Coral calcification under ocean acidification and global change

Coral reefs are unique marine ecosystems that form huge morphological structures (frameworks) in today’s oceans. These include coral islands (atolls), barrier reefs, and fringing reefs that form the most impressive products of CaCO3 biomineralization. The framework builders are mainly hermatypic corals, calcareous algae, foraminifera, and mollusks that together are responsible for almost 50% of the net annual CaCO3 precipitation in the oceans. The reef ecosystem acts as a huge filtration system that extracts plankton from the vast fluxes of ocean water that flow through the framework. The existence of these wave resistant structures in spite of chemical, biological, and physical erosion depends on their exceedingly high rates of calcification. Coral mortality due to bleaching (caused by global warming) and ocean acidification caused by atmospheric CO2 increase are now the major threats to the existence of these unique ecosystems. When the rates of dissolution and erosion become higher than the rates of precipitation, the entire coral ecosystem starts to collapse and will eventually be reduced to piles of rubble while its magnificent and high diversity fauna will vanish. The loss to nature and to humanity would be unprecedented and it may occur within the next 50 years. In this chapter, we discuss the issue of ocean acidification and its major effects of corals from the cell level to the reef communities. Based on the recently published literature, it can be generalized that calcification in corals is strongly reduced when seawater become slightly acidified. Ocean acidification lowers both the pH and the CO32− ion concentration in the surface ocean, but calcification at the organism level responds mainly to CO32− and not to pH. Most reports show that the symbiotic algae are not sensitive to changes in the carbonate chemistry. The potential mechanisms responsible for coral sensitivity to acidification are either direct input of seawater to the biomineralization site or high sensitivity of the enzymes involved in calcification to pH and/or CO2 concentrations. Increase in pH at the biomineralization site is most probably the most energy demanding process that is influenced by ocean acidification. While hermatypic corals and other calcifiers reduce their rates of calcification, chemical and biological dissolution increase and hence net calcification of the entire coral reef is decreasing dramatically. Community metabolism in several sites and in field enclosures show in some cases net dissolution. Using the relations between aragonite saturation (Ωarag) and community calcification, it is possible to predict that coral reefs globally may start to dissolve when atmospheric CO2 doubles.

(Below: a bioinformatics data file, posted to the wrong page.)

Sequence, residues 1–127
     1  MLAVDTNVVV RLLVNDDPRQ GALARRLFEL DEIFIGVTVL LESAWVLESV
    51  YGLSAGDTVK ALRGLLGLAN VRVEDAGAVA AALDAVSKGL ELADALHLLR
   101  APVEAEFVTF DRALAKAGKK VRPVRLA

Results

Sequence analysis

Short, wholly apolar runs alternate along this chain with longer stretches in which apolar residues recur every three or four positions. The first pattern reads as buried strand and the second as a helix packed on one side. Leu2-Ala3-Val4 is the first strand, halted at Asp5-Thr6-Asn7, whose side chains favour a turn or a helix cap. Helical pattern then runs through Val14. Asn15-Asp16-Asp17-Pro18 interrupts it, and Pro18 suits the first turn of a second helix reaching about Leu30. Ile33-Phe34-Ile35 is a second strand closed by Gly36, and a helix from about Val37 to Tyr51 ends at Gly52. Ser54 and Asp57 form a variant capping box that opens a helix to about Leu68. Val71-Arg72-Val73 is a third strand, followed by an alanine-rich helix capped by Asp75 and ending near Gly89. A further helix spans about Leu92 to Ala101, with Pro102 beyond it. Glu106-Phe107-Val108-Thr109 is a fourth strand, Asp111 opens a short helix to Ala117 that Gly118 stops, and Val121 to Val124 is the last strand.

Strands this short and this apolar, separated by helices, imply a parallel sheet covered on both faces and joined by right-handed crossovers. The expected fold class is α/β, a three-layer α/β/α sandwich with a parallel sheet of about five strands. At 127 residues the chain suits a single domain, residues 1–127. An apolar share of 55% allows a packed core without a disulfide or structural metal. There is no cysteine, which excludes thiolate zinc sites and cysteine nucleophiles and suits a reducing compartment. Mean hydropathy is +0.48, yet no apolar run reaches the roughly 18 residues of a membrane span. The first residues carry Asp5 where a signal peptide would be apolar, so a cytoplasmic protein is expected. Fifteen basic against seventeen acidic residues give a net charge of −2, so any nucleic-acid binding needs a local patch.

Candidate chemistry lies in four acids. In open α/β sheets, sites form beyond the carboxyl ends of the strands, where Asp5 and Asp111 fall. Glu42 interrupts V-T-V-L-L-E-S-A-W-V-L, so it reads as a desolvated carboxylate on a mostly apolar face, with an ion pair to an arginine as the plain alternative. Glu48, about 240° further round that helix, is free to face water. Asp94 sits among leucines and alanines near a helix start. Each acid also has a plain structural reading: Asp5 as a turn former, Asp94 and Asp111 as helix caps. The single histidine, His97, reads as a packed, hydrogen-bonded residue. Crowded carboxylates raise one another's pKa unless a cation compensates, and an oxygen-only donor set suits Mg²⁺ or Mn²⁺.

Erez J., Reynaud S., Silverman J., Schneider K., & Allemand D., 2011. Coral calcification under ocean acidification and global change. In: Dubinsky Z., & Stambler N. (Eds.), Coral Reefs: An Ecosystem in Transition, pp. 151-176. Berlin: Springer. Book chapter (subscription required).

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